The Beauty of Bath

The Beauty of Bath is a musical comedy with a book by Seymour Hicks and Cosmo Hamilton, lyrics by C. H. Taylor and music by Herbert Haines; additional songs were provided by Jerome Kern (lyrics and music), F. Clifford Harris (lyrics) and P. G. Wodehouse (lyrics). Based loosely on the play David Garrick,[1] the story concerns a young woman from a noble family, who falls in love with an actor. She then meets a sailor who appears identical to the actor and mistakes him for the latter. Her father objects to a marriage with the actor, but when it turns out that she really loves the sailor, all objections fall away.

The Beauty of Bath
Maudi Darrell as Truly St Cyr
MusicHerbert Haines
Additional music:
Jerome Kern
LyricsC. H. Taylor
Additional lyrics:
P. G. Wodehouse
BookSeymour Hicks
Cosmo Hamilton
Productions1906 West End

The piece was produced by Charles Frohman, opened at the Aldwych Theatre on 19 March 1906, moved on 26 December 1906 to the newly built Hicks Theatre and ran for a total of 287 performances. It starred Hicks and his wife, Ellaline Terriss. Zena Dare later joined the cast, replacing Terriss.


  • Betty Silverthorne - The Beauty of Bath - Ellaline Terriss
  • Richard Alington - Lieutenant, R.N. - Seymour Hicks
  • Mr Beverley - An Actor - Stanley Brett (from July 1906, Tom Terriss)[2]
  • Mrs Alington - Richard's Mother - Rosina Filippi
  • Lord Bellingham - Betty's father - William Lugg
  • Miss Truly St Cyr - An Actress - Maudi Darrell
  • Sir Timothy Bun - Murray King
  • Lady Bun - Mollie Lowell
  • Mrs Goodge - Sydney Fairbrother
  • Lemon Goodge - Master Valchera
  • Jane - Topsy Sinden
  • Tatersall Spink - Bert Sinden

Notable musical numbers

  • "The Beauty of Bath"
  • "The Things you Never Learn at School"
  • "The Frolic of the Breeze"


At the interval of a play, the fashionable audience mill about in the foyer, complimenting the new hit play and its leading actor, Mr. Beverley. Sir Timothy Bun, Lady Bun, and their large family of "adopted" daughters, "the twelve Bath Buns", are part of the crowd. An actress, Miss Truly St. Cyr, is courted by a young lord. Mrs. Alington, a widow, is eagerly anticipating the return of her naval lieutenant son, Richard, whom she has not seen for ten years. The lovely Betty Silverthorne has fallen in love with the dashing Beverley during Act I, to the chagrin of her father, Lord Bellingham.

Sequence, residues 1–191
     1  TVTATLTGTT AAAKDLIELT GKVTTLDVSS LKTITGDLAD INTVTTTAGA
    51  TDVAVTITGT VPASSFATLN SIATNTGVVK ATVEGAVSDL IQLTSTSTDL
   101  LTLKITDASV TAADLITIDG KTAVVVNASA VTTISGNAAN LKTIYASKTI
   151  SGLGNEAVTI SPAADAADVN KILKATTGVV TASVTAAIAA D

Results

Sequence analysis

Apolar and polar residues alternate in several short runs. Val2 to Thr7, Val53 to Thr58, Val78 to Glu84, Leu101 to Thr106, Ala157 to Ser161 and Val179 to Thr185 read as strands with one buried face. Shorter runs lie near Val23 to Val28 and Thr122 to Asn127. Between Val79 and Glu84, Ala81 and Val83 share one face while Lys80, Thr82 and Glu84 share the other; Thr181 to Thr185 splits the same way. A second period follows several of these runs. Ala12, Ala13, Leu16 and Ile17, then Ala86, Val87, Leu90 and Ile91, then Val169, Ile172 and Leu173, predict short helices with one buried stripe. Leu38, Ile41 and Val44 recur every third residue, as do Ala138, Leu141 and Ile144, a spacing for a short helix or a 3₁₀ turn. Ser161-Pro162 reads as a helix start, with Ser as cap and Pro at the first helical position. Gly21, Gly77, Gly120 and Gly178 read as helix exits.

Six months before the present time, Mrs. Alington had sent her son a photograph of Betty, and the young lieutenant had fallen in love with the girl depicted. It turns out that Lieutenant Richard Alington, R.N., is identical in appearance to the actor, Mr Beverley. Richard arrives at the theatre in his sailor's undress uniform. He meets Betty and instantly recognises the girl he has loved since seeing her photograph. Betty also recognises the man she loves, mistaking him for Beverley, who has been playing a sailor's part and wearing the same uniform. Lord Bellingham next meets Richard, also mistaking him for Beverly. He objects to an actor's courting his daughter, and he invites the young lieutenant to a ball to be given the next night at his mansion, on condition that "Beverly" must pretend to be tipsy, in order to cure his daughter's love.

"Beverley" creates an embarrassing disturbance at the ball and does his utmost to draw Betty's ire. However, Betty outsmarts her father, having already figured out the likeness and true identity of Dick Alington. In addition, it happens that the man she really loves is Dick, not Beverley. This is a good thing, because her friend is already engaged to Beverly. Dick, meanwhile, has inherited five million pounds, and Lord Bellingham is delighted with the match.

Gaiety Girls' marriages

As often happened with Gaiety Girls who appeared in Edwardian musical comedies,[3] two of the chorus girls in The Beauty of Bath went on to marry noblemen: May Gates married Baron Von Ditton, of Norway,[4] and Sylvia Lillian Storey (1890–1947) married William Poulett, 7th Earl Poulett.[5]


  1. Smith, J. Donald. "Who Was Basil Hood? – Part II", Sir Arthur Sullivan Society Magazine, No. 85, Summer 2014, p. 27
  2. Parker, p. 894
  3. See, e.g., NY Times article about such matches. 6 September, 1908, p. C1; and Usborne, Richard, Wodehouse at Work to the End (revised edition, 1976), pp. 132–33
  4. The New York Dramatic Mirror, 18 July 1908, p. 3b
  5. The New York Dramatic Mirror, 12 September 1908, p. 2b


  • Parker, John (1925). Who's Who in the Theatre (fifth ed.). London: Sir Isaac Pitman and Sons. OCLC 10013159.
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